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From the Townsend Letter for Doctors & Patients
June 2003

Literature Review and Comment

by Alan R. Gaby, MD
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Zinc and selenium improve health of cancer patients
Sixty patients (median age 55 years) with cancer of the digestive tract (colon, stomach, or esophagus) who were undergoing chemotherapy were randomly assigned to receive supplemental zinc (21 mg/day) and selenium (200 mcg/day) for 50 days or no supplemental zinc and selenium (controls). At baseline and after 60 days, all patients were malnourished, as determined by various anthropometric and biochemical parameters. However, 70% of patients treated with zinc and selenium showed no further worsening of nutritional status and experienced a significant decrease of asthenia and an increase of appetite. In contrast, only 20% of control patients showed no further worsening of nutritional status.

Comment: These results suggest that supplementation with selenium and zinc may improve the general condition of patients with cancer of the digestive tract who are undergoing chemotherapy. Some oncologists have expressed concern that concomitant use of antioxidants such as zinc and selenium might interfere with the anticancer effect of chemotherapy. The basis of their concern is that many chemotherapy drugs promote the formation of oxygen-derived free radicals, and that these free radicals might be scavenged or quenched by antioxidants. It is true that many chemotherapeutic agents cause free radicals to form; however, the anticancer effects of these drugs do not, in general, seem to depend on the formation of free radicals. Consequently, antioxidants might reduce the adverse effects of the drugs, without inhibiting their beneficial effects. While the bulk of the evidence available to date supports that possibility, more research is needed to determine which antioxidants can be used safely and effectively with which chemotherapeutic agents.

Federico A, et al. Effects of selenium and zinc supplementation on nutritional status in patients with cancer of digestive tract. Eur J Clin Nutr 2001;55:293-297.

High-dose vitamin K2 decreases mortality in patients with liver cancer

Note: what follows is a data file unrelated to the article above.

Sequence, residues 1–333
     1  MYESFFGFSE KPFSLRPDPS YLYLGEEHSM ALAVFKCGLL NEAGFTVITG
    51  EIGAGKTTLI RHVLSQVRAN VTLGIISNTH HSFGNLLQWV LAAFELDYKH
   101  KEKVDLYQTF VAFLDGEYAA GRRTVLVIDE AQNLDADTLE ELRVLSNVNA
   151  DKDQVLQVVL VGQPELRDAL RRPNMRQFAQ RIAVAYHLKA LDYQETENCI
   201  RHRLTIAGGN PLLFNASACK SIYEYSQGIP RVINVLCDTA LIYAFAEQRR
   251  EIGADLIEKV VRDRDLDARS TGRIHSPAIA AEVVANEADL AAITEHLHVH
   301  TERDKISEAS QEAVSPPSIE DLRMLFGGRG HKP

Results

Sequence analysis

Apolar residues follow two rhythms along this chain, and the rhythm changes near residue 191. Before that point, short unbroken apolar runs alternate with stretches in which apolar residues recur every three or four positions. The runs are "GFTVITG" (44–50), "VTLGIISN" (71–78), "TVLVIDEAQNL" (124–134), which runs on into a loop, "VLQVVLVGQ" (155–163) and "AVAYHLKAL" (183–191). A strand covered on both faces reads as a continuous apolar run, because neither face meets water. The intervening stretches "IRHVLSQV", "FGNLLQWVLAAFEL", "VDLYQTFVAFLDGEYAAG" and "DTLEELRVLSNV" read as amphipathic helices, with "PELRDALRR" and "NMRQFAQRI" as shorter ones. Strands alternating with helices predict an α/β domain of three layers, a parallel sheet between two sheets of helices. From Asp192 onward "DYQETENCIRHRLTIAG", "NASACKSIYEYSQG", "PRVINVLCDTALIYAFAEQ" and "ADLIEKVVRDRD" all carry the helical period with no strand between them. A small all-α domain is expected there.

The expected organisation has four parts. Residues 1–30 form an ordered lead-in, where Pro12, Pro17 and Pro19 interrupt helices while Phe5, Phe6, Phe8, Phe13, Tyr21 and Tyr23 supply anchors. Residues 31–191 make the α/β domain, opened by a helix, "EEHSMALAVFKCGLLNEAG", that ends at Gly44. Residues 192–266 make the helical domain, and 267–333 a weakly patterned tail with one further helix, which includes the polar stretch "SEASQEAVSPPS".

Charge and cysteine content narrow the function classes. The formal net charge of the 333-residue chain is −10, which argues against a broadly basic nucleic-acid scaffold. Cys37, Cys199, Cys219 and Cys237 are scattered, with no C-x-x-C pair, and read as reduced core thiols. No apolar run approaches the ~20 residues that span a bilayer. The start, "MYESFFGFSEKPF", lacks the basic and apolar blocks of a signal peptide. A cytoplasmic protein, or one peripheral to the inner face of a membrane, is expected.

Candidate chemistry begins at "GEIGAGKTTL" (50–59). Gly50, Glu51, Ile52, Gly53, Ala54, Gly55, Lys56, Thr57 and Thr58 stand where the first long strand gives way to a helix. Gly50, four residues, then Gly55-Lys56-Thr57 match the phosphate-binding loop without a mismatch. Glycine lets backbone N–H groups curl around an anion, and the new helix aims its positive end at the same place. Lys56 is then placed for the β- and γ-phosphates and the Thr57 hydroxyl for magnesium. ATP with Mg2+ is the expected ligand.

One hundred twenty-one patients with hepatocellular carcinoma were randomly assigned to receive conventional therapy, with or without the addition of oral vitamin K2 (45 mg/day). At 12 months, the incidence of portal vein invasion was 2% in the vitamin K2 group and 23% in the control group. At 2 years, these percentages were 23% and 47%, respectively. One-year survival was 76% in the vitamin K2 group and 66% in controls. Two-year survival was 66% in the vitamin K2 group and 28% in controls.

Comment: Previous studies have shown that vitamin K2 inhibits the growth of hepatocellular carcinoma cells in vitro. The results of this new study suggest that vitamin K2 can slow the progression of hepatocellular carcinoma and increase survival times. Vitamin K2, which is synthesized by intestinal bacteria, differs to a small extent from the vitamin K1 (phytonadione), which is present in food. It is not known whether vitamin K1 would have the same anticancer effect as vitamin K2. The latter has been used in Japan for the past several years as a treatment for osteoporosis, and appears to be safe when administered at a dose of 45 mg/day.

Jancin B. Vitamin K cuts hepatocellular Ca mortality. Fam Pract News 2002(July 15):16.

Proteolytic enzymes beneficial for multiple myeloma
Two hundred sixty-five patients with multiple myeloma stages I-III were treated with standard chemotherapy. One hundred sixty-six of these patients also received oral enzymes for more than six months, while 99 patients either did not receive enzymes or received them for less than six months (control group). Treatment allocation was not randomized, but was assigned on the basis of the availability of the enzymes on the first day of chemotherapy. The enteric-coated enzyme preparation (Wobe-Mugos) contained 100 mg of papain, 40 mg of trypsin, and 40 mg of chymotrypsin per tablet. The dose was 2 tablets 3 times per day for 1 year, starting on the first day of chemotherapy; in most cases the dose was reduced to 1 tablet 3 times per day after the first year, and was continued indefinitely. The proportion of patients achieving complete remission, partial remission, or stable disease was significantly higher in the enzyme group than in the control group (97.6% vs. 69.7%; p = 0.001). In stage III patients, the proportion of nonresponders was 3.7% in the enzyme group and 38.9% in the control group (p < 0.001). The median survival time in stage III patients was 47 months in the control group and 83 months in the enzyme group (77% increase; p < 0.002), corresponding to a 3-year increase in survival time. The observation period was not long enough to estimate the survival times for patients in stages I and II.